photos taken with Nikon Coolpix 995

Friday, April 14, 2006

Sheryl Crow

Good to see the folks at The Guardian are getting excited about Carrion Crows nesting just outside their window in London.

'Wanna see some pictures of Sheryl? In bed. I'm looking at at her right now, through the window, writes Sam Wollaston. She doesn't know I'm watching her. It feels a bit wrong. But not that wrong, because Sheryl is a crow. Sheryl Crow, do you see?'

'Her husband's over there on the TV aerial, watching out for her. Russell, he's called. He's lovely - sometimes he comes over and vomits into her mouth - regurgitated worms, insects, carrion.'

Read 'Watch the birdie' on the Guardian News Blog.

Thursday, April 13, 2006

Limited success

Today was a funny old day.

Mid-morning, I received a phone call from Darren to say one of his colleagues had seen a Firecrest in the gardens. At lunchtime, Mark Ward and I went to have a look for it - without much optimism, it has to be said. There's a lot of habitat for a 'crest to hide in and my previous success in refinding them has been zero.

We'd been searching in the right spot for about 15 minutes and it wasn't looking too promising.

Then, all of a sudden, the bird popped up in some shrubbery in front of us. It quickly flew up into a tall yew tree and vanished into the branches.

'S***! It's a Firecrest!'

I had a rather brief view, mainly of its backside, but got a glimpse of the eyestripe which made my heart race.

(Have a look at Steve Round's stupendous Firecrest photos)

Next, I reached into my pocket and phoned Darren's mobile.

'This person's phone is currently switched off.'

Doh! Tried again, and then his landline, but he'd gone to lunch and was uncontactable! So that was a tad annoying, to say the least.

After work, we spent an hour or so trying to relocate the Firecrest (without any joy) before heading off to Fowlmere to see the Hoopoe which was found there earlier today.

Sadly, by the time we arrived it had gone to roost in a dense hedge, and if a nice man with his scope already on it hadn't given us a look, I don't think we'd ever have been able to find it ourselves. You could see some pinky-brown bits and occasionally some black and white wing, but that was it. Just bits of Hoopoe in isolation, never the whole bird in all its glory.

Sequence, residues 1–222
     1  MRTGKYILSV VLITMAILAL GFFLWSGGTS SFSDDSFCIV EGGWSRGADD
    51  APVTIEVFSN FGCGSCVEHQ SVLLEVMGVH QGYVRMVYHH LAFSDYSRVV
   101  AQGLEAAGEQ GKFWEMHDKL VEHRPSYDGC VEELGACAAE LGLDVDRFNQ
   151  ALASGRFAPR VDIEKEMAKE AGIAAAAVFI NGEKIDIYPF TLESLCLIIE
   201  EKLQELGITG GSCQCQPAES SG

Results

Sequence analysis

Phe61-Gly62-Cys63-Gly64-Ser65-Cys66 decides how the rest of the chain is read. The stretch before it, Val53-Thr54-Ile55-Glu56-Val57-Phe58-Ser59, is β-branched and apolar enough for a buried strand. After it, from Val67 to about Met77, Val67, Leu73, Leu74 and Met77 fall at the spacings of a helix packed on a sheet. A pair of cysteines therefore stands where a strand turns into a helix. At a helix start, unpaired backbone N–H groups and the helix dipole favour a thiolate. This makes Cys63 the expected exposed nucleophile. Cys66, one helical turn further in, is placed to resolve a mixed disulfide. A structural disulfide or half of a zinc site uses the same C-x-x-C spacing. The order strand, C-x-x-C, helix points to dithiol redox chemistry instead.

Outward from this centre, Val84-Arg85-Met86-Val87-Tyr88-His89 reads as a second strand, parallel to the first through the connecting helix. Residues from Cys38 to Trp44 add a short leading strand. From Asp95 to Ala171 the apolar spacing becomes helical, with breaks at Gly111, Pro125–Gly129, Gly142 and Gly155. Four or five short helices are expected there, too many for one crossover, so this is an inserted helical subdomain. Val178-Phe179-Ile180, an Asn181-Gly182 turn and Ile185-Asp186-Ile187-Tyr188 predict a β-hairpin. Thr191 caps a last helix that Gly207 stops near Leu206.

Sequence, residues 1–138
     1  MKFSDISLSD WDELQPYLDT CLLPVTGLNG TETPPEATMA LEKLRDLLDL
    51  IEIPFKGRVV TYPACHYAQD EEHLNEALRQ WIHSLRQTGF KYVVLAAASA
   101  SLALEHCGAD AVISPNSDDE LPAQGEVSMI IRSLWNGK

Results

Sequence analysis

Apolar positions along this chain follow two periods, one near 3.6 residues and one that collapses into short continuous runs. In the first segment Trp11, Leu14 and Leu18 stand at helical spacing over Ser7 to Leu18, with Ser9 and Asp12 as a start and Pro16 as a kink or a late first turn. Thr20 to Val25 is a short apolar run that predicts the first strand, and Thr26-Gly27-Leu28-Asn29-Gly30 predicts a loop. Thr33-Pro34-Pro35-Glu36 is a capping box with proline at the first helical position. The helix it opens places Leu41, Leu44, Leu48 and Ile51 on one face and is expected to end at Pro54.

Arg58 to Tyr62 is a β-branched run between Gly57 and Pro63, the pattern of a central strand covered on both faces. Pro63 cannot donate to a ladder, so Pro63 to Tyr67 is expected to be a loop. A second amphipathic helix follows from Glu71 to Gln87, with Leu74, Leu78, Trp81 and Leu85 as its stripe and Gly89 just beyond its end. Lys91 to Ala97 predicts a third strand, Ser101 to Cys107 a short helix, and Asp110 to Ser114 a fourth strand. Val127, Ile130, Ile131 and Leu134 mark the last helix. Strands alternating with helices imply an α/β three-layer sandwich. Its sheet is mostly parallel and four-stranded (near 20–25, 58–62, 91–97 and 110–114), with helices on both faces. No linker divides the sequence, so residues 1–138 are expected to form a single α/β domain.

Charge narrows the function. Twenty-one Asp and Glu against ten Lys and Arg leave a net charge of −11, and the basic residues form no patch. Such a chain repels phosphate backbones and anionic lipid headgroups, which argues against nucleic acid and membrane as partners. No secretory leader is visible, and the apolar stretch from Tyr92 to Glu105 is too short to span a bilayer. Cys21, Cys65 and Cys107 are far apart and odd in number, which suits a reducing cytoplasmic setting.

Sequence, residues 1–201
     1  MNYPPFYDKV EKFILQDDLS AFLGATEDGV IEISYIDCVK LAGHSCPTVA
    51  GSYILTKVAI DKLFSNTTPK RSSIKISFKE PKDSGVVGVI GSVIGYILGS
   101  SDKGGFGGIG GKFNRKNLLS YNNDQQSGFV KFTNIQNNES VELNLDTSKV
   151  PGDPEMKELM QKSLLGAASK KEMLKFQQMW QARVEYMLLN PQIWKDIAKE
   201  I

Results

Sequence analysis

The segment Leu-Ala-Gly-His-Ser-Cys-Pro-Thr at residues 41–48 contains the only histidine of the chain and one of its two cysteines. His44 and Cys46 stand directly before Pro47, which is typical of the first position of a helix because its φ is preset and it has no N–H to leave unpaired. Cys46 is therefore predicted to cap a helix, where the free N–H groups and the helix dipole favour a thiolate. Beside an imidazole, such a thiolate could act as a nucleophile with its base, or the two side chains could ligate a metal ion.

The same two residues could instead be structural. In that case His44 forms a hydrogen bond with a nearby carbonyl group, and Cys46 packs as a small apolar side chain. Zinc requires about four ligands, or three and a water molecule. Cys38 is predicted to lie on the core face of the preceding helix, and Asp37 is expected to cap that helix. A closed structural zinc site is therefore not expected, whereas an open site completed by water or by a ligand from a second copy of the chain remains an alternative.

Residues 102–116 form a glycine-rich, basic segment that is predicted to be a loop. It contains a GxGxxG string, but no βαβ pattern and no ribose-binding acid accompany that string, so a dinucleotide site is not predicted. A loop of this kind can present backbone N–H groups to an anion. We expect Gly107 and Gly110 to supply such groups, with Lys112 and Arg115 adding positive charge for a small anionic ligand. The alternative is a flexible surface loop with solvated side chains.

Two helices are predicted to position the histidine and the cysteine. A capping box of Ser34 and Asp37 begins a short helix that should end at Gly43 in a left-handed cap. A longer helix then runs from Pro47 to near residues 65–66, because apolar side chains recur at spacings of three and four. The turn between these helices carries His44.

It was decidedly unsatisfactory. I hope we'll manage to go for another one later this year.

Sunday, April 09, 2006

Local birding

Green-winged Teal (right, front)

The above Green-winged Teal was probably the highlight of our day in the Peterborough area, today. It was first found at Woodwalton Fen NNR a couple of weeks ago but has only been visible intermittently, as the Teal flock it's hanging out with like to hide in the reeds. So that was quite lucky.

Male [Common] Teal

Chinese Water Deer

Chinese Water Deer are very odd-looking beasts. There's something rather teddy bear-ish about their faces. They seem to be quite tame - this one came wandering towards us.

The marks on its body are intriguing. Is it the result of fighting or just moulting? You can often see clumps of very coarse fur lying on the ground at Woodwalton - it almost looks like porcupine quills.

You can read more about them at the Deer-UK website.

We started the day at Aversley Wood - a few springy shots below.


Blackthorn blossom

unidentified flowers!

new Hawthorn leaves

digiscoped photos taken with Nikon Coolpix 995 + Leica Apo Televid 77 with 20x eyepiece